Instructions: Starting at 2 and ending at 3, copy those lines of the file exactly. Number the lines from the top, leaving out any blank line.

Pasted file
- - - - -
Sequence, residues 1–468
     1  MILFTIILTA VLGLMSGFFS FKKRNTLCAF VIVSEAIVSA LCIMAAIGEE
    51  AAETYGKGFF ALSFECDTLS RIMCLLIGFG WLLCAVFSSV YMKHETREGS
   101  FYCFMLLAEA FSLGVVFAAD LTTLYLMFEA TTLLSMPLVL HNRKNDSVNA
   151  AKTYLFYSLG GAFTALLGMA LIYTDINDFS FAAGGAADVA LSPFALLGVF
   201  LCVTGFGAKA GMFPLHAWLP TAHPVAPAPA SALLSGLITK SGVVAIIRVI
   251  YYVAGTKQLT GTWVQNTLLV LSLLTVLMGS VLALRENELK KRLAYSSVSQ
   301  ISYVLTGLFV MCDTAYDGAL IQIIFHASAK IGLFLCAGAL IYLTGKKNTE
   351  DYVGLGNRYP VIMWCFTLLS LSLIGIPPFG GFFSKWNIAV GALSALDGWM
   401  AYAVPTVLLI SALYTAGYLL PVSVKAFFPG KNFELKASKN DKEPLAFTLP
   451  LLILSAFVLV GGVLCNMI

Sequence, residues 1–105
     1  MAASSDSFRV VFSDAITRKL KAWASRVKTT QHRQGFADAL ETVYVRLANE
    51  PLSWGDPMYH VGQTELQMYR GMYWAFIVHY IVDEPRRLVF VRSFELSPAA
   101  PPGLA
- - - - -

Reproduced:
     1  MILFTIILTA VLGLMSGFFS FKKRNTLCAF VIVSEAIVSA LCIMAAIGEE
    51  AAETYGKGFF ALSFECDTLS RIMCLLIGFG WLLCAVFSSV YMKHETREGS